However, you would be surprised how many moons do actually eclipse the Sun. In some cases, many times a year. While a moon may be small, it may be much closer to the surface (or cloud tops) of the planet it orbits and so will appear larger in the sky. The distance from the Sun also matters. At the distance of Jupiter, the Sun’s apparent diameter in the sky is only 1/5 of what we see from Earth. At the distance of Pluto, the Sun appears 1/40 as wide as it does from the Earth. This is why, for example, the small moons of Uranus can still appear larger in the sky than the Sun.
And here are a few of the moons of the planets to the same scale. These images were produced using the NASA/JPL Solar System Simulator. Other than Mars’ moon Phobos, the moons all appear much larger than the Sun in the sky and so completely eclipse/occult the Sun. The Moon is one of only a few moons to almost exactly the same apparent size as the Sun. However, even though the Sun may be small, at the distance of Pluto, the Sun will outshine the moons that get their light from the Sun. For example, at the present distance of Pluto from the Sun 34.7 AU (34.7 times the Earth’s distance from the Sun), the Sun will have an angular diameter about the same as Venus at its largest angular diameter as viewed from the Earth. However, the Sun will be 500,000 times brighter than Venus at its brightest as seen from Earth or more than 300 times brighter than the Full Moon!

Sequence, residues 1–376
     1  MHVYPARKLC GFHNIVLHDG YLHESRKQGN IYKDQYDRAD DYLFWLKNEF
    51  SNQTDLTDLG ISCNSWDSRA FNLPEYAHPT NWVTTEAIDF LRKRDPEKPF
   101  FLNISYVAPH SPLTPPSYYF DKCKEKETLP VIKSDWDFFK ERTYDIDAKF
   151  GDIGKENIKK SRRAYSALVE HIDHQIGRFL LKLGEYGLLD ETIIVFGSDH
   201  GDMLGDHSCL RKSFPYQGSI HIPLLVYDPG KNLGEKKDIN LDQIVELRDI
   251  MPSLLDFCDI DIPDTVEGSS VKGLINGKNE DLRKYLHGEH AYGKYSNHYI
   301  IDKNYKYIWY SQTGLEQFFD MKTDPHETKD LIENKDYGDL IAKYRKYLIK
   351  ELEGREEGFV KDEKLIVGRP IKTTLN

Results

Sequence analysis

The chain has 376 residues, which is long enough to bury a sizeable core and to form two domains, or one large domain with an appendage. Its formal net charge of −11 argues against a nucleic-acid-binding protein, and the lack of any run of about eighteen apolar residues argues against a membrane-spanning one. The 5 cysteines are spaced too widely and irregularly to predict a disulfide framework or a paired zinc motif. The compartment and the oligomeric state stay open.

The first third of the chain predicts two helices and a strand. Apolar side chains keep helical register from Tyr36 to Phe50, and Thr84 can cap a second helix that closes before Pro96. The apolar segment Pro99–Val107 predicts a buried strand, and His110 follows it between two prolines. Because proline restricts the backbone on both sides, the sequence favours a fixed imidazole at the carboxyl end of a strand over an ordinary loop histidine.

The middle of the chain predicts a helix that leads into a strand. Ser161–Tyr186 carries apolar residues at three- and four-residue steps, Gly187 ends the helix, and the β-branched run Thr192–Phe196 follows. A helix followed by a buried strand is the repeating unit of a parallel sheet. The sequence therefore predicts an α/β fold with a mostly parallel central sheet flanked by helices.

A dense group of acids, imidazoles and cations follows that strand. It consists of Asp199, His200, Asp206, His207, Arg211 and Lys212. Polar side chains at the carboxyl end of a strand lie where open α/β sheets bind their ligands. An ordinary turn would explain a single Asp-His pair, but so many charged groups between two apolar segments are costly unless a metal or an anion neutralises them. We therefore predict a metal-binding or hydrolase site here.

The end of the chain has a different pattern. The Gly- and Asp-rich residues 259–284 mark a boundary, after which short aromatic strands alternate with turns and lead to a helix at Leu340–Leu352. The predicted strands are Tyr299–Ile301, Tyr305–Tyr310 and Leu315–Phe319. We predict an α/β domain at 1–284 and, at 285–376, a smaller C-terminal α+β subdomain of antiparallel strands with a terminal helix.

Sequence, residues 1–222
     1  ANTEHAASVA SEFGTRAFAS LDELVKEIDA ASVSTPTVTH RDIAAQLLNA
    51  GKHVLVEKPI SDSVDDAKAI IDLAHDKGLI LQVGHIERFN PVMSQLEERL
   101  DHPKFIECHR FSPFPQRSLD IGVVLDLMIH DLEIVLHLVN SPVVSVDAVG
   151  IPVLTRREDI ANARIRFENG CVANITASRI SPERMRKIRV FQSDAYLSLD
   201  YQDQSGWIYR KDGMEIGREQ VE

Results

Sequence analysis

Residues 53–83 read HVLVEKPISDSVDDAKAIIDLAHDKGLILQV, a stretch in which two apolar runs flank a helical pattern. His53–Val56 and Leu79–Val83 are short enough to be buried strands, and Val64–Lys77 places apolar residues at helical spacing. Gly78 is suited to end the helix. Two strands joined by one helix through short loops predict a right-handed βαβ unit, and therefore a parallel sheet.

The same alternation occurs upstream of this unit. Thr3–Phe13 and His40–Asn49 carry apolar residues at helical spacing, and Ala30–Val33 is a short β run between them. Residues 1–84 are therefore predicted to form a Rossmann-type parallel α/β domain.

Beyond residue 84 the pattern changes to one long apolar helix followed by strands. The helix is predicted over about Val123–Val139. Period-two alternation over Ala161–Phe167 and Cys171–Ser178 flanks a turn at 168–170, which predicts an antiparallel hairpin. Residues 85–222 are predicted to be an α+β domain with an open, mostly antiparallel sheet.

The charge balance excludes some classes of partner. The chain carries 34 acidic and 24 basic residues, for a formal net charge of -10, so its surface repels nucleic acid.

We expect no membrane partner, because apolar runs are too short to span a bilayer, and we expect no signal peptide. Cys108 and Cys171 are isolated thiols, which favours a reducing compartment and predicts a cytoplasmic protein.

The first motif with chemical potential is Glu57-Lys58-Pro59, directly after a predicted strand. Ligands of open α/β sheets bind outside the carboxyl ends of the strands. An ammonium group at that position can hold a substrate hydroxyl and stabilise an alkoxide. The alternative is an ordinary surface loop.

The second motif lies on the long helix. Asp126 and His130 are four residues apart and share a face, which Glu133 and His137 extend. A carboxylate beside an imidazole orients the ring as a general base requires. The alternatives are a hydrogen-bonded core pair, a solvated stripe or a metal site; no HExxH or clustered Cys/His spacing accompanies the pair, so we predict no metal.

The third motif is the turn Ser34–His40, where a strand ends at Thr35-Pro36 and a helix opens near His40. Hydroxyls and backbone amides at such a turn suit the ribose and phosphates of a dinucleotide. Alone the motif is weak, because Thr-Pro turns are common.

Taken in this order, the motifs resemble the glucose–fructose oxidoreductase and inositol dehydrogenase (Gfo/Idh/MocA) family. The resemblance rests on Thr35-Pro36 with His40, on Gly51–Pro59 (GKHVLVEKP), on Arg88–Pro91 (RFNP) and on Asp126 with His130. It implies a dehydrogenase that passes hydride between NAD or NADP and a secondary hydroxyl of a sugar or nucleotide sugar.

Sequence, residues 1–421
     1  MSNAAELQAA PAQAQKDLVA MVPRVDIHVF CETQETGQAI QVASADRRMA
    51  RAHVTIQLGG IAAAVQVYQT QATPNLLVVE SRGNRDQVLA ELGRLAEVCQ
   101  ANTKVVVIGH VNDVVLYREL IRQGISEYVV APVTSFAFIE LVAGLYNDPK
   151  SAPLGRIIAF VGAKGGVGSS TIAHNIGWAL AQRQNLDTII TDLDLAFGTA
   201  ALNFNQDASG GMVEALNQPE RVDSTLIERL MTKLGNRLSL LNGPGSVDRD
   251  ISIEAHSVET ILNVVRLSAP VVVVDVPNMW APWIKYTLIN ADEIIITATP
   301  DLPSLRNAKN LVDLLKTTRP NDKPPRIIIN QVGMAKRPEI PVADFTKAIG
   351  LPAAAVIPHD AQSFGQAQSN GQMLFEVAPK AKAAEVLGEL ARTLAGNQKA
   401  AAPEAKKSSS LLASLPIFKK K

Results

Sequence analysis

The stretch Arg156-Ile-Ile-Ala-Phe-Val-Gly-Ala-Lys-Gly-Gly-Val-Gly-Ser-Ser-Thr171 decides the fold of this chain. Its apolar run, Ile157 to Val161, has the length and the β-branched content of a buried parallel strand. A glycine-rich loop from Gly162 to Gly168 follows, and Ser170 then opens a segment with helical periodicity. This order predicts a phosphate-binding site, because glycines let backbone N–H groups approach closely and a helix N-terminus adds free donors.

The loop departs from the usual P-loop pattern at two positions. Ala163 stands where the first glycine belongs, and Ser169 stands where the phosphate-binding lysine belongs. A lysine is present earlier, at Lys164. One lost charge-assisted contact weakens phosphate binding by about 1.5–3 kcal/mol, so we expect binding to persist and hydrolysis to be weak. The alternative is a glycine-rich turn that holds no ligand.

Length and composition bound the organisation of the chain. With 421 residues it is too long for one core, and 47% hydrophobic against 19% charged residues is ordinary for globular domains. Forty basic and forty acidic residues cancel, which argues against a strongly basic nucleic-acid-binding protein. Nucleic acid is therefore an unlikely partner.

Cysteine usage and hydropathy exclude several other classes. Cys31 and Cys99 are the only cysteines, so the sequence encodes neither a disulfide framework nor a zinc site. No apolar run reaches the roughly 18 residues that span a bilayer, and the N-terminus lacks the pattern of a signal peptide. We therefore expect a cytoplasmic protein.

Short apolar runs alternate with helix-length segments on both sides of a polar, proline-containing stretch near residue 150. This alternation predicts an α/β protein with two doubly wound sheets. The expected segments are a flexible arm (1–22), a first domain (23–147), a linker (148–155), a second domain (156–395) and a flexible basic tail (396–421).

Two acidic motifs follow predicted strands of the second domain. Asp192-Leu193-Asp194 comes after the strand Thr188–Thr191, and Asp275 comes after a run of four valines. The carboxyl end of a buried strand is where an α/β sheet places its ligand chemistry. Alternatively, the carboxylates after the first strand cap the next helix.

Eclipses of the Sun by the Moons of Mars have been captured by Mars rovers and landers. Hubble Space Telescope has imaged the moons and the shadows of these moons on Jupiter’s cloud tops.
So, when you go out at night and look up and see that There’s a Moon in the Sky6, think about what it would be like on Mars or Pluto (the two other planets or dwarf planets with solid surfaces and moons), looking up at Phobos or Deimos from the surface of Mars or Charon, Stys, Nix, Kerberos, or Hydra from the surface of Pluto. What love songs would a Martian or a Plutonian there be singing?
- 1 The Capris, 1958; written by the Capris.
- 2 Cat Stevens, 1970; written by Cat Stevens.
- 3 Rick Moranis in the Film version of Little Shop of Horrors (Jeremy Jordan in the original Broadway version); written by Howard Ashman and Alan Menken.
- 4 First sung by Lillian Lorraine in the Ziegfeld Follies, 1909 (used in the movie by the same name  and sung by Doris Day and Gordon MacRae); music written by Gus Edwards and lyrics by Edward Madden. There are over 30 cover versions of Silvery Moon from Bing Crosby to Little Richard! The movie was a sequel to On Moonlight Bay (1951), with the song Moonlight Bay also sung by Doris Day and Gordon MacRae); music written by Percy Weinrich and lyrics by Edward Madden (1912). A “notable” version of Moonlight Bay was in Porky’s Duck Hunt (1937) which introduced D. Duck in his first film role. In My Favorite Duck (1942) Porky and Daffy sing a duet of Moonlight Bay, long before Doris and Gordon!
- 5 The Tornados, 1962; composed by Joe Meek.
- 6 B-52’s 1979; written by the B-52’s.
- 7 Kate Smith, 1931; written by Howard Johnson, Harry Woods, and Kate Smith.
- 8 Creedence Clearwater Revival, 1969; written by John Fogerty.
- 9 Kaye Ballard, 1954 (Original title was In Other Words); written by Bart Howard.
- 10 Originally recorded by Boffalongo in 1970, by made popular by King Harvest, 1972; written by Sherman Kelly.